The confirmation hearing for Constitutional Court presidential nominee Lee Dong-heub kicked off Monday with opposition lawmakers bombarding the former judge over the allegations raised since his nomination.
The ruling and opposition parties’ conflicting stances on Lee are also raising concerns that the Constitutional Court president’s post could be left empty for a prolonged period.
Lee Kang-kook’s term as president ended on Monday.
Some in the political arena have also raised concerns that the issue could hold up the opening of the extraordinary session of the National Assembly, which will in turn delay the procedures necessary for government reorganization, and for appointing the prime minister and ministers.
The main opposition Democratic United Party has been raising various allegations against Lee, ranging from irregular use of Constitutional Court funds and abuse of authority, to tax evasion and making an illegal political donation.
While Lee has admitted and apologized for minor misdemeanors such as falsely transferring his residence registration and using his state-provided vehicle for personal use, he has denied the more serious allegations.
Rep. Park Beom-kye of the DUP has alleged that one of Lee’s bank accounts received monthly deposits for six years totaling 250 million won ($236,000), and that money out of official funds was allocated to Lee.
“I do not know the technical term for the fund but I have submitted all bank books. I am the first to submit bank records to a confirmation hearing, and all funds were used according to regulation,” Lee said.
Park Beom-kye of the DUP also accused Lee of buying a first-class flight ticket for a business trip, then downgrading to business class and keeping the refunded amount.
“(The allegation) is untrue, and if proven to be true I will step down immediately. A Constitutional Court justice is required to use business class, and corresponding funds are provided,” Lee said.
Regarding questions over his wife’s accompanying him on five of the nine overseas business trips he took during his six-year term as a Constitutional Court justice, Lee said that she was functioning as a secretary “because the Constitutional Court has poor conditions” and that all expenses were personally covered.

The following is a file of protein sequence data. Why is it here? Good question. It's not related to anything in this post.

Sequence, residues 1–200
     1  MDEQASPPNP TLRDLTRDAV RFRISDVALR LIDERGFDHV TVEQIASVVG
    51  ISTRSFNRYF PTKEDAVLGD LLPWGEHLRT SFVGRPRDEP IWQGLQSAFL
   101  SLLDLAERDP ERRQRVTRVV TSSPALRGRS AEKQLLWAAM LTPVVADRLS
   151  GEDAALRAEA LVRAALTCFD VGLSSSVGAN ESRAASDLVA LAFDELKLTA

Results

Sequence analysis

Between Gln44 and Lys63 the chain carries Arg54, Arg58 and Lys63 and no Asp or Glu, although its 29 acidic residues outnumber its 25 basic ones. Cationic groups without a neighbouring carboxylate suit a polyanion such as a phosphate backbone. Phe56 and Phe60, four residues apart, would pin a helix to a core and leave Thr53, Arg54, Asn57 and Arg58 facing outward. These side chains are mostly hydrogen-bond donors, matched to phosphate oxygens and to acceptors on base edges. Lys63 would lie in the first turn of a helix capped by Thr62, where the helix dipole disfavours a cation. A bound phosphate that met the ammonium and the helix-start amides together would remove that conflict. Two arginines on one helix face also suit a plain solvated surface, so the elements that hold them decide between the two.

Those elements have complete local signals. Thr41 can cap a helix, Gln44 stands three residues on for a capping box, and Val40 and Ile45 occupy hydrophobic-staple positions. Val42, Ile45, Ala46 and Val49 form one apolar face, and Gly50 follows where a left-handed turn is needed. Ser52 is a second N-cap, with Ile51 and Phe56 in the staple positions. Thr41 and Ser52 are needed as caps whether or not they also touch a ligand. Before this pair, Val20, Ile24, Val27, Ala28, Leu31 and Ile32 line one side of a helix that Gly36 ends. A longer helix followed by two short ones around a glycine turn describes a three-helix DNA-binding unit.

Other alleged misdoings of Lee include plagiarism, breaking the foreign exchange regulations in funding his daughter’s overseas education, and taking overseas trips on workdays.
While he has denied involvement, he has been reported to have ordered junior judges to obtain gifts from Samsung Electronics for a year-end event while serving at the Suwon District Court in 1995.
In addition, DUP lawmakers have claimed that Lee may have transferred capital assets to his eldest son without paying the gift tax.
The large increase in the assets held by Lee and his wife between 2007 and 2012 has also come into question.
In 2007, Lee reported having about 130 million won in his name and his wife about 42 million won. Last year, however, Lee’s personal assets grew to nearly 600 million won while that of his wife more than quadrupled to 178 million won.
The DUP has also claimed that Lee’s nomination was a reward for taking favorable stances toward President Lee Myung-bak in the past, such as opposing a special counsel investigation into the investment company BBK.
In addition, his position that the Korean government was not responsible for supporting the suits filed by comfort women against the Japanese government has also raised controversy.
By Choi He-suk (firstname.lastname@example.org